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[684] recruiting, and by night had succeeded in enlisting over five hundred negroes. Eight men were detailed from the division to take charge of the men as they were organized into companies.

The eighth was spent in examining those I had enlisted the day before.

Captain W. G. Young, Ninety-eighth Illinois, Dr. Briggs, Fourth O. V. C., L. C. Remmington, Fourth Michigan, Acting Adjutant, reported to assist me in my work.

On that night I received orders to cross the Alabama river, but a break in the pontoon bridge prevented, and I returned to the barracks, where I had previously been encamped.

On the ninth we drilled some, in order to have the regiment so we could move out in some order when we received orders to do so.

On that night we crossed the river and moved out three miles on the Montgomery road, and camped near the division for the night.

Next morning Lieutenant C. L. Conner. Seventh Pennsylvania Cavalry, reported to me for duty, moved at ten A. M., and marched twenty miles, camping near Brandon.

On the eleventh I moved out again about noon in advance of train; the roads being very bad, I employed my men in working the road, in order to facilitate the passage of the train. Distance marched was twenty miles.

On the twelfth I received orders to march in rear of the train, which necessitated a late start, but by marching late at night we were enabled to make a march of twenty miles.

The colored regiment of the Fourth division reported to me on the evening of the twelfth, numbering about five hundred men.

On the thirteenth I reached Montgomery and camped four miles east, on the Columbus, Georgia, road, having marched fifteen miles.

On the morning of the fourteenth I procured about one hundred Mississippi rifles, but could get no ammunition; moved about noon and marched late at night, making twenty-five miles.

The colored regiment of the First division reported to me this day, numbering about four hundred men.

On the fifteenth I made twenty miles, and camped three miles east of Tuskeegee.

On the sixteenth I moved about ten o'clock A. M., marched very hard all day, and until two o'clock the morning of the seventeenth.

On the seventeenth I reached Columbus, Georgia, moved out four miles on the Macon road and camped, having marched fifteen miles: at this place I procured a lot of clothing and arms; most of the arms were given to the regiment belonging to the First division, which was ordered to report this eve to the quartermaster of that division.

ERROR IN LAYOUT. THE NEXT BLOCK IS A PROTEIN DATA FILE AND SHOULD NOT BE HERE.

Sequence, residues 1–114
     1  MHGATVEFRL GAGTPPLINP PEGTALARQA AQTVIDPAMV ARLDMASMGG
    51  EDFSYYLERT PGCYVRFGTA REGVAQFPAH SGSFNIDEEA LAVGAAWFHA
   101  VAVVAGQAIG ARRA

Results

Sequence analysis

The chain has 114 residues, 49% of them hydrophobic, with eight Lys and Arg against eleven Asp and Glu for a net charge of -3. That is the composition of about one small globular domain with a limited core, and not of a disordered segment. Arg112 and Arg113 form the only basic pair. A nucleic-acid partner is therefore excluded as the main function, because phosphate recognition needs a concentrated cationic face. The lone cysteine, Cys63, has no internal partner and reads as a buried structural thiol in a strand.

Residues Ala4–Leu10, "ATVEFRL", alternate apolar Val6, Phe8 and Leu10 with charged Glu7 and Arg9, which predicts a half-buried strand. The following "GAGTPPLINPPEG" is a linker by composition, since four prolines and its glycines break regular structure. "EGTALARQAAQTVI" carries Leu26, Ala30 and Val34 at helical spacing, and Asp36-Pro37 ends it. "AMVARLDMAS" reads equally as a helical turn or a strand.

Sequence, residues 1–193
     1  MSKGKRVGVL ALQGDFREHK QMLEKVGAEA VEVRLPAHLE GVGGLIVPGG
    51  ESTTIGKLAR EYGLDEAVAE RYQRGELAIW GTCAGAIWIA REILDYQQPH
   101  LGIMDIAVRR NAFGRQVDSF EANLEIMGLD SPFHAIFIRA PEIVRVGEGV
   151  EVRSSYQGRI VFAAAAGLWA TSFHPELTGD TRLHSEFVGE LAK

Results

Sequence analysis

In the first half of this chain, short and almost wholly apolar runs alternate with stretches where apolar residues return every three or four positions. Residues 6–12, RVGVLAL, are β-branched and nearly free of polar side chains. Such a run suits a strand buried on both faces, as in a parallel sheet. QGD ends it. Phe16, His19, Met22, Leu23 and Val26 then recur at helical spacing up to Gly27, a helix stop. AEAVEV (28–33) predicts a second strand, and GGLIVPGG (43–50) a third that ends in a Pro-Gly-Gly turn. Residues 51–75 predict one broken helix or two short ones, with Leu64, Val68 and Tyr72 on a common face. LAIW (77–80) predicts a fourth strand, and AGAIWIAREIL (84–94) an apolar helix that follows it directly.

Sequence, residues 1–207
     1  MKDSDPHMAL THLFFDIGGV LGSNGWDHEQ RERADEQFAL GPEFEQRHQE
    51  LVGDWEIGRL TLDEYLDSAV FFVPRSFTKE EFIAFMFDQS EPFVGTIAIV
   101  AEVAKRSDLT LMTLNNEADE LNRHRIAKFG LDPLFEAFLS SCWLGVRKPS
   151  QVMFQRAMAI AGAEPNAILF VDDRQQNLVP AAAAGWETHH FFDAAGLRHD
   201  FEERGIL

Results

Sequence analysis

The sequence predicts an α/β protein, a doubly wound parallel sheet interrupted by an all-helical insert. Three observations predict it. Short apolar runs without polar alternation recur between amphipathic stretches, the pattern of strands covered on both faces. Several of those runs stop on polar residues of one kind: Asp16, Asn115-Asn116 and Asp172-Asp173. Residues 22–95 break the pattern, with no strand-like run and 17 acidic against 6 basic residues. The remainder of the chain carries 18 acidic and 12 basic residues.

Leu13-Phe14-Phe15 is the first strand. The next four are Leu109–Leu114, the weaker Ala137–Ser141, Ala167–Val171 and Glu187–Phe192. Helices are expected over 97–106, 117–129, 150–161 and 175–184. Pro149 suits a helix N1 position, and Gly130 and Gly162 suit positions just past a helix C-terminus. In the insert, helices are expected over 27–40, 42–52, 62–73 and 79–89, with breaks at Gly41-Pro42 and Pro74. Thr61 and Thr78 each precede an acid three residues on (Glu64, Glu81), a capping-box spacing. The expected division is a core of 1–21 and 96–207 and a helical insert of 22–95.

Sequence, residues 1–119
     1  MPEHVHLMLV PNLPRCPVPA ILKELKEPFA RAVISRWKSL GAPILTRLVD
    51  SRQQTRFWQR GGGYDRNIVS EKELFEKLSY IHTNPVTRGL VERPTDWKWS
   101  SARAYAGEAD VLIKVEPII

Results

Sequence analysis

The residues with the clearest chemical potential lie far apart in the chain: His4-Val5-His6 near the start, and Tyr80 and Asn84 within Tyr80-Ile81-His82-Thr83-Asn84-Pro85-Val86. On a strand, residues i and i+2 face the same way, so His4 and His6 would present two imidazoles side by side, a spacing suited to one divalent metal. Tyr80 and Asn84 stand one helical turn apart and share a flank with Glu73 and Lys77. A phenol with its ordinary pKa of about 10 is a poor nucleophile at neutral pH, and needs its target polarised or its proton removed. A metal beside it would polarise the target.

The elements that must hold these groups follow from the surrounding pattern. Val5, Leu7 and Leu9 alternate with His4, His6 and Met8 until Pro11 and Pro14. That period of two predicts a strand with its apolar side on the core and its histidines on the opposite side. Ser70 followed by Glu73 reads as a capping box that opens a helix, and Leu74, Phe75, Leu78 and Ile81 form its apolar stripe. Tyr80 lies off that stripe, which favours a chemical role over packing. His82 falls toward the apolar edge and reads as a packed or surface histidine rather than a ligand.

Our march all the way from Selma to Columbus, was over the worst of roads, made almost impassable by the passage of the entire command and all the trains.

The number of men were constantly increasing, so that when I reached Columbus my regiment alone numbered fourteen hundred men, of whom about twelve hundred men were mounted on horses and mules turned over daily by the division to me.

Great difficulty was experienced in procuring provisions for these men and forage for the animals, and it was only by the utmost diligence that sufficient could be obtained.

I moved at daylight on the morning of the eighteenth, and camped at twelve o'clock at night at Flint river, having marched forty miles; next day made fifteen miles, camping five miles east of Thomsonville.

On the twentieth I made another hard day's march of thirty miles, and camping within fifteen miles of this place; next day I reached this place with two thousand seven hundred men belonging to my regiment and the regiment of the Fourth division.

In compliance with orders received from the Brevet Major-General commanding cavalry corps, M. D. M., on the twenty-fourth and twenty-fifth of April the men were examined by the surgeon, and the regiments each reduced to one thousand men.

On the first of May, in compliance with orders received from headquarters cavalry corps, each regiment reported to their division commanders.

My regiment is progressing finely in discipline and the drill. We have nine hundred and fifty stand of arms, and four hundred and fifty sets of accoutrements.

The officers are well supplied with tents, and the men have tents and sheds sufficient to cover them and protect them from the inclemency of the weather, and will do very well until better shelter can be obtained; the greater portion of them are very well clothed in rebel uniforms.

The most difficult part of the organization of the colored troops was that of subsistence, as we were compelled to subsist entirely upon the country. And when we take into consideration that a large cavalry force were constantly in our advance, nearly clearing the whole country of subsistence, making the procuring of rations for the regiments a difficult matter indeed, which was only accomplished by industry and perseverance on the part of officers and men of the command.

I cannot speak in terms of too high praise of the officers and men that were ordered to report to me to assist in the organization of the regiment; to them is due great praise for the energy and efficiency evinced on all occasions, ever at their post at all times doing their whole duty.

To Lieutenant L. C. Remmington, Fourth Michigan cavalry, Acting Adjutant, Captain Young, Ninety-eighth Illinois volunteers, Lieutenant Conner, Seventh Pennsylvania cavalry, Dr. Briggs, Fourth Ohio cavalry, I am greatly indebted for their industry, energy, and faithful performance of their whole duty.

I am, Major, very respectfully, your obedient servant,

Martin Archer, Major Commanding Colored Troops. Major E. B. Beaumont, A. A. G. Cavalry Corps, M. D. M.

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